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Sustainable development is now widely accepted as a political objective in the UK and elsewhere but to what extent has the UK's rhetoric on sustainable development become a reality? The aim of this book is to critically examine the UK's approach to promoting and delivering sustainable development.
It begins by providing a detailed account of UK law on sustainable development by reviewing the various policy, institutional and legal mechanisms used by the UK since the 1980s and by devolved administrations since devolution took effect in 1999. Progress has been slow, too slow and, according to the scientists, time is running out. To deal with this lack of progress, the book advocates increasing the status of ecological sustainability and sustainable development through the introduction of a wide range of legal mechanisms which would compel the change needed.
The book calls for ecological sustainability, or respecting the Earth's environmental limits, to be afforded the status of legal principle and argues that with ecological sustainability at its normative core, sustainable development could provide an effective framework for decision making and governance. It argues that to support this approach and ensure consistency, the time has come for sustainable development to receive explicit legal backing. Over and above its symbolic and educational value, legislation can impose mandatory rules on policymakers and decision makers, often with meaningful consequences both inside and outside the courtroom.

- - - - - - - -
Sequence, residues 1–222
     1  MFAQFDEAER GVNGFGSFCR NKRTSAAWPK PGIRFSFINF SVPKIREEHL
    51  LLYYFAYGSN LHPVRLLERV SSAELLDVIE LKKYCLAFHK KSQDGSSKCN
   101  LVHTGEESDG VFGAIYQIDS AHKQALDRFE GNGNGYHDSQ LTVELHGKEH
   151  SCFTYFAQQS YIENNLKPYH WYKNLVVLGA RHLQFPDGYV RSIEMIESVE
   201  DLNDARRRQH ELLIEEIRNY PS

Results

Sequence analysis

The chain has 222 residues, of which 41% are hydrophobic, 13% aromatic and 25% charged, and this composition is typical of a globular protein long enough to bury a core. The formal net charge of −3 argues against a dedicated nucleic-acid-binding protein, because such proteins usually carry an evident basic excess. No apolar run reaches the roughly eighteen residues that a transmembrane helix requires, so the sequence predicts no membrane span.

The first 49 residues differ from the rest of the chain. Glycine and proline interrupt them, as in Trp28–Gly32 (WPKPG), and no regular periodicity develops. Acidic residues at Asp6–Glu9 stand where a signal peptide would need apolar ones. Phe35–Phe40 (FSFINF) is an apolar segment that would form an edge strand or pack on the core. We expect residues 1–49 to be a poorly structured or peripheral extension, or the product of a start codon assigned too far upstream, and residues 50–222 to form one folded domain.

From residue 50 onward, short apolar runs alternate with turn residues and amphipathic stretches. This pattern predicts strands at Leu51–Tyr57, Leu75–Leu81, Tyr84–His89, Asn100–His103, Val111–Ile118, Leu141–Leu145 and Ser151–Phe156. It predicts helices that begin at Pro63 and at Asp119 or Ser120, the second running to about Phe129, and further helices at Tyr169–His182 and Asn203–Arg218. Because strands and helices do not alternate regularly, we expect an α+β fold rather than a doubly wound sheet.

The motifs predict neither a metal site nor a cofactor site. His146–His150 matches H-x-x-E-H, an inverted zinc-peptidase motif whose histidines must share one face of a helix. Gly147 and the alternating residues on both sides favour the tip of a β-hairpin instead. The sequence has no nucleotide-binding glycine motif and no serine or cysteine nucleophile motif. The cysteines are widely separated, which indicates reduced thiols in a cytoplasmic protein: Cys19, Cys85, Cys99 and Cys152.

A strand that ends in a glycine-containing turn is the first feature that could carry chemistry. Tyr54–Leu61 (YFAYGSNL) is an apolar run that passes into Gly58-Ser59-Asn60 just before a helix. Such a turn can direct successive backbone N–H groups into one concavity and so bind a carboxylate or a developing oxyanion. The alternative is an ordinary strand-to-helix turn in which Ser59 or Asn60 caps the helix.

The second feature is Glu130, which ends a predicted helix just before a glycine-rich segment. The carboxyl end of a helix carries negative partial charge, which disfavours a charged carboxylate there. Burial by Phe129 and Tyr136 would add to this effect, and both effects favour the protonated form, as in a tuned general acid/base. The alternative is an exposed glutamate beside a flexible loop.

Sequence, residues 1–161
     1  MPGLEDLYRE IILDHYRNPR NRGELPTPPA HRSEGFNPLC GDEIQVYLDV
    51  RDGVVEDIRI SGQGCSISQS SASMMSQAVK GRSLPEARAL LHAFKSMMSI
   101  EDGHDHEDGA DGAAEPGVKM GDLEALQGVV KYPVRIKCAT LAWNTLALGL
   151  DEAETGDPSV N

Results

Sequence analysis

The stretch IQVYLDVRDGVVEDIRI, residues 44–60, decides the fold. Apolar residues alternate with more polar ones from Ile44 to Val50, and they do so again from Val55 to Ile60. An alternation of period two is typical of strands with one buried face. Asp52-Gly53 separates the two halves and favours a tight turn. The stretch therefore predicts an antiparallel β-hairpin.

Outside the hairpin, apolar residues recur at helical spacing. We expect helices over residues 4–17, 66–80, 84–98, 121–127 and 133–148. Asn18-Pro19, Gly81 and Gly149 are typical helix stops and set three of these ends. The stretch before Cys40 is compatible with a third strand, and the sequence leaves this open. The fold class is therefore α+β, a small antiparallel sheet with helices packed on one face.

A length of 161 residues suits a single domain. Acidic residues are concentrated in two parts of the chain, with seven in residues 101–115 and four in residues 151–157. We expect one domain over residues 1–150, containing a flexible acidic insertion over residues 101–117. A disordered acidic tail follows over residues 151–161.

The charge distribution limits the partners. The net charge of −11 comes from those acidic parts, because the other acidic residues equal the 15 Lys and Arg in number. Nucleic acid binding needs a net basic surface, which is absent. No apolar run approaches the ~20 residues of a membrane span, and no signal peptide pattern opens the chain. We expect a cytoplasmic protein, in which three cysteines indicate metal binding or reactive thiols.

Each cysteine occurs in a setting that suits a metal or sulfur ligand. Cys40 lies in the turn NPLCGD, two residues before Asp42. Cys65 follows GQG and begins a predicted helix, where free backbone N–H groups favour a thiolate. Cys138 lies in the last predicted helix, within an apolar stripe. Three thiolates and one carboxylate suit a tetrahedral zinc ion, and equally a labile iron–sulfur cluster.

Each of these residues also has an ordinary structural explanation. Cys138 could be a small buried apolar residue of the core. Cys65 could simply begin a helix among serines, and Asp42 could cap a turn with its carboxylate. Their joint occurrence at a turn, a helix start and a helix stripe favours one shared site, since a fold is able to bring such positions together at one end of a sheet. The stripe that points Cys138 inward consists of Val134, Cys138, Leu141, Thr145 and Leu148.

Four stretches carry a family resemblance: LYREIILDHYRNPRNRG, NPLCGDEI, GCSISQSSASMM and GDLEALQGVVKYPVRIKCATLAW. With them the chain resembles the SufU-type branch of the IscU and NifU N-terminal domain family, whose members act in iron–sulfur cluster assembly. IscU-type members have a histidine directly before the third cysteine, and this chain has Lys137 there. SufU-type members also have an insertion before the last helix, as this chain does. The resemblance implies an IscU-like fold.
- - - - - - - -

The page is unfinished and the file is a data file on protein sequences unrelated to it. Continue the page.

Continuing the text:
To this end, the book contributes to the theory on sustainable development governance by suggesting three possible legislative approaches for such intervention. The volume concludes that while a lack of leadership on sustainable development may hinder the introduction of these innovations, once introduced, these innovations would equally provide much needed support for effective leadership towards a sustainable future.